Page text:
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Unlearning toxic behaviours and coping mechanisms

So anyone that knows me, will know (and have experienced) that dealing with the stress of day to day life isn’t exactly my strong point. I’m pretty useless at it but I always found addiction was a pretty useful coping mechanism. Addiction to drinking came first and with that came a whole load of other toxic behaviours that helped me ‘cope’ with varying situations.

I used various coping mechanisms to help with my anxiety, stress and unhappiness throughout my life. Drinking and smoking were a subconscious way of coping but I had no idea. I never really saw them as such. My addiction to spending money on totally pointless and random things to get an immediate (but very short) high was also so unhealthy and to be honest still is. Now that I’ve stopped drinking, my addiction to other things in order to escape has increased, which is OK for now because one step at a time right? However, I do need to start deconstructing the toxic traits I have learned as a way to cope with developmental trauma and stress so that I can learn new, healthier coping strategies.

One of my biggest problem behaviours is allowing my inner critic to control my mind to the point of insanity. I am the best at critising anything I do and bullying myself into believing I’m not good enough. It’s exhausting and it’s so bloody toxic. Addiction made it so much worse and gave my inner critic a lot more power over me. Instead of confronting the problem head on, I drank (and whatever else) it away, giving it more control every time I did. In sobriety, I am learning to externalise my inner critic as a bully so that I can stop identifying with the ‘it’. It’s so great that I can diminish its power with self-compassion. I always try to talk to myself with kindness now and although the process is long, I definitely feel a positive change. I’ll never rid of my critic and maybe that’s a good thing because sometimes it does have a good reason to be there, but I now have awareness and more control over it now, and am able to mock and laugh at it when I know it’s being insane.

I can be extremely dishonest, even more so when I was drinking, as I find it impossible for people to know that I’ve done something wrong. I felt like people would judge me if I had made a mistake or I didn’t know something so I used to just lie and say I did, which ironically would land me in way worse situations and be more of a problem for me and others. Being honest in those kind of situations is something I’m finding a lot more natural now that I don’t drink and am working hard to stop being so self-defeating and accepting of flaws/mistakes. Me talking to myself now: ‘hey Kat hunny, it’s not normal to know everything about anything and always do absolutely everything correctly without making any mistakes whatsoever – it’s called being human u silly saus.’ Not knowing something doesn’t make me stupid which is something I taught myself for years.

My passive aggressive behaviour is also very toxic and a coping mechanism I use as a way to indirectly release anger. I’ve never been one to directly show anger and often am passive aggressive in order to avoid talking about anything/ having conflict with anyone. I often keep the anger inside me bottled up deep down and it manages to seep out in some pretty problem habits. I’ve spent years never letting anyone get emotionally close to me and then I resent people for not understanding me. I have an irrational fear of intimacy as that would mean letting someone see my ‘flaws’. I am quickly learning that the only way to connect with someone is to be vulnerable and therefore am having to deconstruct this idea that people would hate me or hurt me if they really knew me. It’s been liberating being a lot more open in my journey of recovery, and it’s something I will continue to work on even if it’s something I still find extremely difficult.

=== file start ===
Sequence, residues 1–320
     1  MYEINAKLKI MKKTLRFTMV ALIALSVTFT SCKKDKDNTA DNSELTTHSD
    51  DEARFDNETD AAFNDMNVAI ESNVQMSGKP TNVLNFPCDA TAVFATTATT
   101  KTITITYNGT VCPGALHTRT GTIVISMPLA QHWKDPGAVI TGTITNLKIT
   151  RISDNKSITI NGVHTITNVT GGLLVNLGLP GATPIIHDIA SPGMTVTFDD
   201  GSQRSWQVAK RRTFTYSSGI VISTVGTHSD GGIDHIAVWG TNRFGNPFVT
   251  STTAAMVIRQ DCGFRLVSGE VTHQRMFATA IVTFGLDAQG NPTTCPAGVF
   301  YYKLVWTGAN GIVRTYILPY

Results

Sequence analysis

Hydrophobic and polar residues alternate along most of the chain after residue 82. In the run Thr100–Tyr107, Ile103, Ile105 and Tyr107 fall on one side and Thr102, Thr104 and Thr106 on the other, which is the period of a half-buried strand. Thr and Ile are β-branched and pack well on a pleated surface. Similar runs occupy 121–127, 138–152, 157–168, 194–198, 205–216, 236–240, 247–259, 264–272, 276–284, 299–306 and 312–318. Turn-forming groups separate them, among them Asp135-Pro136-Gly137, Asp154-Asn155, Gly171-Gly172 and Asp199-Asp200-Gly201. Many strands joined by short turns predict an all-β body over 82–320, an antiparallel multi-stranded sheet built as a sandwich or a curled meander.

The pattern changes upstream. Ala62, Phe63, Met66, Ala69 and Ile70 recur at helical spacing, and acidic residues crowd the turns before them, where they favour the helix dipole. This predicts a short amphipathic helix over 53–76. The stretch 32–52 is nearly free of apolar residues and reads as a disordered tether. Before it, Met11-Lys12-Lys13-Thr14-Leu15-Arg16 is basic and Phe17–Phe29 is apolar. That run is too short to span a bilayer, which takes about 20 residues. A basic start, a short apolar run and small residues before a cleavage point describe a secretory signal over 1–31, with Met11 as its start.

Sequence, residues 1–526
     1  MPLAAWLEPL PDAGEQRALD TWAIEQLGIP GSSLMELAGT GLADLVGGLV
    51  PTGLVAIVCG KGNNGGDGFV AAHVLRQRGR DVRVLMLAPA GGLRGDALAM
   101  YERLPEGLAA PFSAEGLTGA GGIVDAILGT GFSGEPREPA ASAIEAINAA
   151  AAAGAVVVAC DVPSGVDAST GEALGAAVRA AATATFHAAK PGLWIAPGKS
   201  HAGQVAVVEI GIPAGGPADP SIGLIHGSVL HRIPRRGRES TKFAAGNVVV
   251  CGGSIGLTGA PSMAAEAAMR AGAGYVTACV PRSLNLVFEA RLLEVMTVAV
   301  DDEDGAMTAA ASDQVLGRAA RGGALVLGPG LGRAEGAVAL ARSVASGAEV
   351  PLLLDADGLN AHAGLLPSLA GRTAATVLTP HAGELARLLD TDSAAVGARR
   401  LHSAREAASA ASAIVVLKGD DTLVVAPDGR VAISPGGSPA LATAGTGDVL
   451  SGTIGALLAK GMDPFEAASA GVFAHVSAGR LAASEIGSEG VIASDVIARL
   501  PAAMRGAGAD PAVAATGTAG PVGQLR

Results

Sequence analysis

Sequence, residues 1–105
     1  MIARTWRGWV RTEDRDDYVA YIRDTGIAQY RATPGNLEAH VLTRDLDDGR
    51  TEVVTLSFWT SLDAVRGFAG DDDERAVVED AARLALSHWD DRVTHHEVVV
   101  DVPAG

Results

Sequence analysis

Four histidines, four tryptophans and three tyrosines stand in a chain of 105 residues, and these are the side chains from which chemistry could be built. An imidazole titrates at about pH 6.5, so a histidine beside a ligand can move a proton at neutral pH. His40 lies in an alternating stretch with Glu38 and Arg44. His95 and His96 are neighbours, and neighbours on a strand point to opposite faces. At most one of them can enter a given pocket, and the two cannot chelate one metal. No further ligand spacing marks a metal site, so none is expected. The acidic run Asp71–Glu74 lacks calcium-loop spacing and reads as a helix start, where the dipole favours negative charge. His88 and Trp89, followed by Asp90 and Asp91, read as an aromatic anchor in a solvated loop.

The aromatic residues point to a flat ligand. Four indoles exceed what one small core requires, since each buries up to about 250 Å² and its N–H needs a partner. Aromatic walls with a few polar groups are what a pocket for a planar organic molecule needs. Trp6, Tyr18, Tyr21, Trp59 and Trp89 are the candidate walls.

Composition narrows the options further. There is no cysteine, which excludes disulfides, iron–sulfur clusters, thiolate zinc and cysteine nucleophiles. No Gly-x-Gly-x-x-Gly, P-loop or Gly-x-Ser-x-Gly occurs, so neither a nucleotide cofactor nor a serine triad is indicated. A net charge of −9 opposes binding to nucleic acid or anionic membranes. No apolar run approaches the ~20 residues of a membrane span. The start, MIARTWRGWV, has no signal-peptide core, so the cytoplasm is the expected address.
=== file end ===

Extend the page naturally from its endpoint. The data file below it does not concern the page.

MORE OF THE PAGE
During the worst years of my addiction, I became very selfish and manipulative to those closest to me. Alcohol was the only thing I cared about and so I would manipulate anyone to to make sure I got it. I obviously hid that I was drinking on my own so would lie to feed my addiction. Asking for money being one and I would come up with any excuse to manipulate family members into helping. As the cravings were so bad, I rarely felt guilty that I was doing it. I became extremely defensive. I blamed everyone but myself. I isolated myself so that I didn’t have to be honest about it. I guilt-tripped pretty much everyone into thinking they were responsible for my addiction. I am now so so grateful that I no longer have to manipulate and be dishonest in order to feed my addiction. I no longer have to hate myself for being that person.

Lastly, boundaries. I am learning the importance of them now and the need to create them to form healthy and happy relationships. We had a group session at rehab on Boundaries and everyone was going on about how they just didn’t understand the point of it, which is so laughable and ironic. A group of addicts not understanding boundaries. Who knew. I personally never had many boundaries growing up and therefore find it extremely difficult to understand them in adult life. It led me to being very codependent. I am now able to maintain personal values confidently without bending to what I think others want me to do, and express emotion in a healthy manner. Most importantly, I’ve learnt to say ‘no’ without feeling guilty, which has meant that I now have a higher sense of self and worth. I have learnt to be honest with myself and others about my needs and wants and it’s only been for the better! However, it’s still a work in progress and always will be.

#alocholic #alcoholism #selflove #unlearning #toxictraits #addiction #addict #copingmechanisms #recovery #healthy #behaviour #chef #sobriety #alcoholfree

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